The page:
CBSE Class 11 Microeconomics Notes
Microeconomics is the study of households’, individuals’, and firms’ behaviour towards the allocation of resources and the decision-making process. In short, it deals with the choices made by people and the factors affecting their choices. GeeksforGeeks Class 11 Microeconomics Notes have been designed according to the CBSE Syllabus for Class 11. These revision notes consist of detailed Chapter-wise important topics and concepts. Here, the learners can get easy access to the Chapter-wise notes from the below-mentioned quick links. The notes contain 10 chapters covering every important topic, like Production Function, Demand, Supply, Cost Function, Forms of Market, Consumer Equilibrium, etc.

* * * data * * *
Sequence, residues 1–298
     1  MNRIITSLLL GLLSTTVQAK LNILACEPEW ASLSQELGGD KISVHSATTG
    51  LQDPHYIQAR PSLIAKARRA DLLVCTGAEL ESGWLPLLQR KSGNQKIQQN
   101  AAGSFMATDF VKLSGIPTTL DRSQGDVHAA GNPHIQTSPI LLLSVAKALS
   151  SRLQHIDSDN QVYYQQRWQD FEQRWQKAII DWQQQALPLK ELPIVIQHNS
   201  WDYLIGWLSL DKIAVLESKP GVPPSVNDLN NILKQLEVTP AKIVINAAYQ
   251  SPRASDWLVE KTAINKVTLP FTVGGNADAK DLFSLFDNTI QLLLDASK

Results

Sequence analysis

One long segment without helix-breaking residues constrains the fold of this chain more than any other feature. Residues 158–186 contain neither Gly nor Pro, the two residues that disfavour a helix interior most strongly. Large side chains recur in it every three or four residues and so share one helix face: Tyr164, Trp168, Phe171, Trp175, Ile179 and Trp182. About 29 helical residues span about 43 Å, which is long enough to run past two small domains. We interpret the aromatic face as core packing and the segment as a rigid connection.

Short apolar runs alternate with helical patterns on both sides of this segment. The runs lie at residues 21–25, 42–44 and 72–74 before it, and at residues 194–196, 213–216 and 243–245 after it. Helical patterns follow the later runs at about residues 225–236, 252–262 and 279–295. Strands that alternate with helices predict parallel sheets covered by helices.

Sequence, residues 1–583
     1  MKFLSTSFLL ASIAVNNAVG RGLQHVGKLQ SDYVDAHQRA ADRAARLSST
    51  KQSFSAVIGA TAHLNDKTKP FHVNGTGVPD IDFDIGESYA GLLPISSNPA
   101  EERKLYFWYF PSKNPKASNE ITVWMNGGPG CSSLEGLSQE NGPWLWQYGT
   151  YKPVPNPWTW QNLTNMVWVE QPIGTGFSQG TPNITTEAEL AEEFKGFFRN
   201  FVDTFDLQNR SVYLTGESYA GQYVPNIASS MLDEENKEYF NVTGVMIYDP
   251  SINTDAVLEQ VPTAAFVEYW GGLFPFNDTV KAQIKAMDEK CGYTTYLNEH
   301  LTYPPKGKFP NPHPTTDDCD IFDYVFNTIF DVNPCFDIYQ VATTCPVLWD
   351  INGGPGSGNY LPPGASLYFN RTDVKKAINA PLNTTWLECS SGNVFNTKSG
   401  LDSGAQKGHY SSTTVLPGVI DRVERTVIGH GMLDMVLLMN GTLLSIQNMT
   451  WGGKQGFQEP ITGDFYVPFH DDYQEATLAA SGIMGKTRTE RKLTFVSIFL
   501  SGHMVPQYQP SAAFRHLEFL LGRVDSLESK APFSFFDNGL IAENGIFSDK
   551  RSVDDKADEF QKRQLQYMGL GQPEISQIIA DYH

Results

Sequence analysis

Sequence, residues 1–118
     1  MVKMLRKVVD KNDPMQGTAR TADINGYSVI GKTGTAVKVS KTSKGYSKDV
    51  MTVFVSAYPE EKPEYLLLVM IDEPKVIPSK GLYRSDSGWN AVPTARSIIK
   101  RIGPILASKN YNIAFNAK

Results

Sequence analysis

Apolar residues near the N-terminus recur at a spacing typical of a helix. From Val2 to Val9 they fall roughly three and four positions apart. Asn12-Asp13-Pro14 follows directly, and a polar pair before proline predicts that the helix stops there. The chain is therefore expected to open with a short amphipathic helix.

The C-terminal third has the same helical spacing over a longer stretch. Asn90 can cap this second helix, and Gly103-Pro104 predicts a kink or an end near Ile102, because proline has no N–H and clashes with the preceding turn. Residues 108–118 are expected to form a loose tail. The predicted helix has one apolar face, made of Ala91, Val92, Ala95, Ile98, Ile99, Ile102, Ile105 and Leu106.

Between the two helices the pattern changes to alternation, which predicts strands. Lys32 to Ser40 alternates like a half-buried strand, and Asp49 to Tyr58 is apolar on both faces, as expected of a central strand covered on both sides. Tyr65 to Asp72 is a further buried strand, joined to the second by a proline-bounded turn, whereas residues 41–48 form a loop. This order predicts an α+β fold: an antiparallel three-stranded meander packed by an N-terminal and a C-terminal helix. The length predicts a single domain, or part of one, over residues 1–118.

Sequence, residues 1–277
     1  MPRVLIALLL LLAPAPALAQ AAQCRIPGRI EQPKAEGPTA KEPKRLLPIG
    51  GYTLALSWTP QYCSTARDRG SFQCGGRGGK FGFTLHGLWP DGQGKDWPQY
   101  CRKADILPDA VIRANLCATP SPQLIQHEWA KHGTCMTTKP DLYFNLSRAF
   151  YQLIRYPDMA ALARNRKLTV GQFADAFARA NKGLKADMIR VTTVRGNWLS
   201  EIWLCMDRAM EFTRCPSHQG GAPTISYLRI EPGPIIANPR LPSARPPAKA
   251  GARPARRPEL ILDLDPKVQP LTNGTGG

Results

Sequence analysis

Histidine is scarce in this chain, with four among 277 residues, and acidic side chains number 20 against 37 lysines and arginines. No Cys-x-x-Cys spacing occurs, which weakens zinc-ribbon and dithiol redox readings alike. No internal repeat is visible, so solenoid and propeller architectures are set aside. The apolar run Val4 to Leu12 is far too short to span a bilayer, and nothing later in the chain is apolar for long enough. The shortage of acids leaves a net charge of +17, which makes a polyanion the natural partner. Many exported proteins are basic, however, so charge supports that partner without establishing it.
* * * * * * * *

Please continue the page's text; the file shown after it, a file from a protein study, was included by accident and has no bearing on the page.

Chapter 1: Introduction
The first chapter of Class 11th Microeconomics covers the introductory section of the subject. It talks about microeconomics and macroeconomics, along with the differences between them. Other important topics of this chapter that covers the basics of the subject are Economic Problem, Central Problems of an Economy, and the Production Possibility Curve.
- Introduction to Microeconomics
- Microeconomics and Macroeconomics: Meaning, Scope, Difference and Interdependence
- Economic Problem
- Central Problems of an Economy
- What is the Production Possibility Curve?
- Difference between Centrally Planned Economy and Market Economy
Chapter 2: Consumer’s Equilibrium